If I understand Phillips’s argument correctly, the issue in this case is far more subtle than a typical 14th Amendment conflict in which a proprietor outright refuses service to a customer based on some form of discrimination. According to this account in Reuters, Phillips did not demand that Mullins and Craig leave his shop, and he offered them other products that had already been made. What Phillips refused to do was to take up his creative brush, as it were, to make what he feels would have been a new artistic expression celebrating an event he cannot endorse. In short, what makes this case distinctive from, say, a mechanic refusing to fix the couple’s car, is that Phillips may be standing on fairly solid free speech ground if the service he refused to provide is held to be creative enough under the law.
Writing as someone who despises both bigots and “religious-freedom” laws but defends artists, copyright, and free speech, I have to admit that Phillips’s claim is not entirely dismissible simply because I reject his point of view. Although a cake is too temporary a medium to qualify for enforceable protection under copyright law, copyright principles may still be instructive to a legal interpretation of his claim that his cakes are artistic expressions. This is because the design, painting, and arrangement of elements on the cakes could very likely meet the modicum of creativity standard required to call Phillips’s pictorial, sculptural, & graphic (PSG) work “original” in a copyright context. This may be relevant because a court, which has no business acting as cultural critic (i.e. deciding what conduct is or is not “artistic”), can look to copyright law for guidance as to what defines “creative expression” in a legal context.*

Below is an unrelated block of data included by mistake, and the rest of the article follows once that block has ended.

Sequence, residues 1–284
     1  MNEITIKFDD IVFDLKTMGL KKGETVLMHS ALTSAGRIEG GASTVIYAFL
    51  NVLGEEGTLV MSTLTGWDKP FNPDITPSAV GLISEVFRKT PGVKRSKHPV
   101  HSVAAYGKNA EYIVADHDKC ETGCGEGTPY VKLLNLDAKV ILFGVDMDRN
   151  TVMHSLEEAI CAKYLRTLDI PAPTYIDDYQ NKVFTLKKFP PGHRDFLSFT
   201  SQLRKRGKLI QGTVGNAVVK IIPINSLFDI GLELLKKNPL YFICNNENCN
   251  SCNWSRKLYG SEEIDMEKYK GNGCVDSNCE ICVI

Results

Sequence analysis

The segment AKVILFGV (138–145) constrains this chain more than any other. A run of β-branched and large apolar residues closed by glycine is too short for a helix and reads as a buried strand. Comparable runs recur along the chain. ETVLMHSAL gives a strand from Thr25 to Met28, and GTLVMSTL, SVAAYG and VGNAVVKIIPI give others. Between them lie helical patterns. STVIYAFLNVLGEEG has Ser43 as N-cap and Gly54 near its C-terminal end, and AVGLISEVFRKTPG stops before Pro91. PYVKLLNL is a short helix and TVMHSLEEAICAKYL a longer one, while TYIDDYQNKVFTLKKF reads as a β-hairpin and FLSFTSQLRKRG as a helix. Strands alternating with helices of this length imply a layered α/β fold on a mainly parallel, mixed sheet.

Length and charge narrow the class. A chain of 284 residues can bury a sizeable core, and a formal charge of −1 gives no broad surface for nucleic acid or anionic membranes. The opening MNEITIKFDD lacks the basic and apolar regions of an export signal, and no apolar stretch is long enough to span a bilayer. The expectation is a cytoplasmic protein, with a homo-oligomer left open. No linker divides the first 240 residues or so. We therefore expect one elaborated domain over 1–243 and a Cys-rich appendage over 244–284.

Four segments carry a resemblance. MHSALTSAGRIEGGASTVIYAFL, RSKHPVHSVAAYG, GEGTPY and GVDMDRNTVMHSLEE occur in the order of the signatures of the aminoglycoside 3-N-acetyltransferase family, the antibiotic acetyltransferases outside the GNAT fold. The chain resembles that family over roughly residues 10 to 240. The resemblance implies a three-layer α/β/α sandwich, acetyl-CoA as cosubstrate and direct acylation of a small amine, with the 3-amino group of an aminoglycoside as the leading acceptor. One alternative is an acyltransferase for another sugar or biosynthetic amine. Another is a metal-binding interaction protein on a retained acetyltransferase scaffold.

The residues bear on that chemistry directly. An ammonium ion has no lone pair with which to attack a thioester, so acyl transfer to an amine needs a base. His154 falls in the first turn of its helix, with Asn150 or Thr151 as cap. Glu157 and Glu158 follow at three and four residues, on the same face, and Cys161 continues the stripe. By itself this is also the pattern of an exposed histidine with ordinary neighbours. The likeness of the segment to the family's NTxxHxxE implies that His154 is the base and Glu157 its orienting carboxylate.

So, if it can be established that Phillips (or any baker with his level of skill) is engaged in creative expression while designing one of these cakes, then his free speech argument has merit, regardless of the discriminatory nature of the religious belief behind the speech. Under this analysis, the obvious problem with a holding against Phillips is that it would set a precedent whereby a different creative cake-maker could not refuse to make one of her expressions to celebrate a party for the Ku Klux Klan. Or what if the medium is more permanent than a dessert? What if the artist is a portrait painter or photographer? Does the 14th Amendment require that the artist accept a commission to make a portrait of some figure who represents something he reviles? Certainly, most people would agree that equal protection for the customer, in this case, does not supersede the artist’s speech right to refuse to create the work. Like it or not, the rationale may be the same if the “canvas” is a cake.